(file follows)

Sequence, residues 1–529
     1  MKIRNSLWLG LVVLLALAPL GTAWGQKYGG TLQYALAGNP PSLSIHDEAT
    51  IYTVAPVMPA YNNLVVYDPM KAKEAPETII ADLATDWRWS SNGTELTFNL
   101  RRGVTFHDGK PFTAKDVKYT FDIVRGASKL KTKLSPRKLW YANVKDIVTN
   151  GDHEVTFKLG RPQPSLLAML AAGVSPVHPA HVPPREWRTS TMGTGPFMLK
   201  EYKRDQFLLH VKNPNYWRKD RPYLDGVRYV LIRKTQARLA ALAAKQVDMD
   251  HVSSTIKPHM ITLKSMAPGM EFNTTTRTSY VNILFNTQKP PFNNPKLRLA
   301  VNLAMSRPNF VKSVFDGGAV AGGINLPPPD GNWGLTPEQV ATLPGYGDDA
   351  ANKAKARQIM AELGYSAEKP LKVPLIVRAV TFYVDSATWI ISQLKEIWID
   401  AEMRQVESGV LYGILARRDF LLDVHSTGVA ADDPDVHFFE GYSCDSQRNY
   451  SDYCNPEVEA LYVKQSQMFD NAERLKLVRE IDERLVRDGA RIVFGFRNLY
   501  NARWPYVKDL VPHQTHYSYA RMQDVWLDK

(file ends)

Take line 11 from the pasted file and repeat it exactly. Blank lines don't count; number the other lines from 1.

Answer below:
   451  SDYCNPEVEA LYVKQSQMFD NAERLKLVRE IDERLVRDGA RIVFGFRNLY